Over the past few decades, there has been a growing interest in traditional Chinese medicine (TCM) techniques in the U.S. Americans have been exploring how these alternative remedies can treat disease, ease pain and promote fertility. Continue reading
Scientists from Tel Aviv University’s (TAU) Department of Physics and Astronomy have developed a bacterial “Social-IQ score” system that they say paves the way for the development of intelligence-based “green” pesticides. If successfully replicated, the discovery could lead to a viable replacement for the toxic, chemical-based pesticides currently used in conventional agriculture.
“Bacteria are our worst enemies, but they can also be our best friends,” said Alexandra Sirota-Madi, a research student at TAU and co-author of the recent study. “To better exploit their capabilities and to outsmart pathogenic bacteria, we must realize their social intelligence.”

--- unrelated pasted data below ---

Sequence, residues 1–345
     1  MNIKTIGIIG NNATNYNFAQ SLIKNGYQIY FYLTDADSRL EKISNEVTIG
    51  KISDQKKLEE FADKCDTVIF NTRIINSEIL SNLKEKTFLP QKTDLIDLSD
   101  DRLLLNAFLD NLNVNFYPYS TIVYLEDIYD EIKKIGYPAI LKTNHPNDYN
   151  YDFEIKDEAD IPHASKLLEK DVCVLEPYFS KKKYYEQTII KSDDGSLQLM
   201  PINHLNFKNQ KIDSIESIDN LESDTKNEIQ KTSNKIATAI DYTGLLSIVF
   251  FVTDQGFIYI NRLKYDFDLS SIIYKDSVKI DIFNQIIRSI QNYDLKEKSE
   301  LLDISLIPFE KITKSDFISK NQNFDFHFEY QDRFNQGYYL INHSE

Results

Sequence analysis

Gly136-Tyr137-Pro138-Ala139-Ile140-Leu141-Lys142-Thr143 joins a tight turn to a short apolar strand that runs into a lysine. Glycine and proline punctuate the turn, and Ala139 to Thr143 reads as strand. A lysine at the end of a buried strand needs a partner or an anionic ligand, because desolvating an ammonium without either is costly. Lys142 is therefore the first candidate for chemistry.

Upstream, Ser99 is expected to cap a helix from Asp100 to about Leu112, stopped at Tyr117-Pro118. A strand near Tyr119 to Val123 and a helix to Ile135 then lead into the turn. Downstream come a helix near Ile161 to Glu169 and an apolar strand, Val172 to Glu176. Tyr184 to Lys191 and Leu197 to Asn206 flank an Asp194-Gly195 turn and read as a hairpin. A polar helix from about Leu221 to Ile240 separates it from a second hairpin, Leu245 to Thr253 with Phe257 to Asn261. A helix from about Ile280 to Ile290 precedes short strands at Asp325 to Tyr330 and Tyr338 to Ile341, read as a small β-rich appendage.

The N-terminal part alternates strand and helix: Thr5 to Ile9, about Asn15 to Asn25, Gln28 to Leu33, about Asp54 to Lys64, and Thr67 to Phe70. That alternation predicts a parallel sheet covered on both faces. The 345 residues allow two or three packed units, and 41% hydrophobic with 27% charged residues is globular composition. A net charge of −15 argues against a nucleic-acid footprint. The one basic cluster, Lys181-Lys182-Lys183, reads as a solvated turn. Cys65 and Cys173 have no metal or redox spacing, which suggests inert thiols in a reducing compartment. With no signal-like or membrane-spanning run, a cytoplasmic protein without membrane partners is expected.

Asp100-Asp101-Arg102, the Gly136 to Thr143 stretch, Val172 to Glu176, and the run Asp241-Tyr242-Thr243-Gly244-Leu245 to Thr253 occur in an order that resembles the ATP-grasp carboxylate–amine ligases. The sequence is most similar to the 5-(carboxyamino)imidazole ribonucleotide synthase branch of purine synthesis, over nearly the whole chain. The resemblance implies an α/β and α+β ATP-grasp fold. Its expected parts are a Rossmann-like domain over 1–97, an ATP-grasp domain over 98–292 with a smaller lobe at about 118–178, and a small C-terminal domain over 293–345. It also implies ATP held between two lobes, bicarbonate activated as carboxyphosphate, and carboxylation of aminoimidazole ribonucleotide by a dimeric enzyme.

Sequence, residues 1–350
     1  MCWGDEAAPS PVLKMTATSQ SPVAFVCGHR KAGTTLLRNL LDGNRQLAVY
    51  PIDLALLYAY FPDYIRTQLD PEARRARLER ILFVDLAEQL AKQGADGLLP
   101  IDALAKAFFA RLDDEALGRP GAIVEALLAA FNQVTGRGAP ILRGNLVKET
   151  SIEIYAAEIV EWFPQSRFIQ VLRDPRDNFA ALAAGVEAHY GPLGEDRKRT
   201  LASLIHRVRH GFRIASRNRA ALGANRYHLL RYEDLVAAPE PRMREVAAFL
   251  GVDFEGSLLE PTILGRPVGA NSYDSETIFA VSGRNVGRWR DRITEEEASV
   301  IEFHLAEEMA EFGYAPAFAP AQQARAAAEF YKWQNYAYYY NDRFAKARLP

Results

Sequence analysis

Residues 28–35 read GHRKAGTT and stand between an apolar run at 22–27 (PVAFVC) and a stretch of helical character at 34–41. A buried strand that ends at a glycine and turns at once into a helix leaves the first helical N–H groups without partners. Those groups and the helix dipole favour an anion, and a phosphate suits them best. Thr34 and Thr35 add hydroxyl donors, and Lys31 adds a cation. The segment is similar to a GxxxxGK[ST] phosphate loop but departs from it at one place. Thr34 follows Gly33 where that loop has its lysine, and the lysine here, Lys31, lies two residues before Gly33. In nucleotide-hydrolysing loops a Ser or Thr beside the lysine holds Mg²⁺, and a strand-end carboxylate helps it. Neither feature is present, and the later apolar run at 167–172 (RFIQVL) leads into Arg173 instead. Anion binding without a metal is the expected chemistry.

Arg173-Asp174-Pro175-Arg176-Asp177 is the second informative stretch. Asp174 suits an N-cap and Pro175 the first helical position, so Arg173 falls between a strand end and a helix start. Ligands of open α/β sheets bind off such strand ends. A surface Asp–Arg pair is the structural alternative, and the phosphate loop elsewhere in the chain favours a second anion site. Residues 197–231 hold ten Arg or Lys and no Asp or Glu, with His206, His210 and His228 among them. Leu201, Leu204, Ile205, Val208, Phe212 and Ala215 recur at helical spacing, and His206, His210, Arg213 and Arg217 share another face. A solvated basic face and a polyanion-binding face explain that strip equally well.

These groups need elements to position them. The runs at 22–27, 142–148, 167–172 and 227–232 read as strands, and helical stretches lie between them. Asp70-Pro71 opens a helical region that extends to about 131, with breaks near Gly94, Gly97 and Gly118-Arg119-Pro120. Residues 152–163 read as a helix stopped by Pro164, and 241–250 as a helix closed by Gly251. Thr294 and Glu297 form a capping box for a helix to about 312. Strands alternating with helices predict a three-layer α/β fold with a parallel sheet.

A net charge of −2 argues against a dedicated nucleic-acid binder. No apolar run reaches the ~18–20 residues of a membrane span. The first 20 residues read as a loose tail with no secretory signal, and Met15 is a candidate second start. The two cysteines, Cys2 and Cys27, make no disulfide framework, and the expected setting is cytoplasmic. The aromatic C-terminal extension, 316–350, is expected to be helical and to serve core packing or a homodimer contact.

The way it works, at least in theory, is that if scientists can outsmart the “smartest” bacteria, they can then develop unique, non-chemical methods of deterring crop damage. And though it may seem revolutionary, the process is actually what bacteria do naturally Continue reading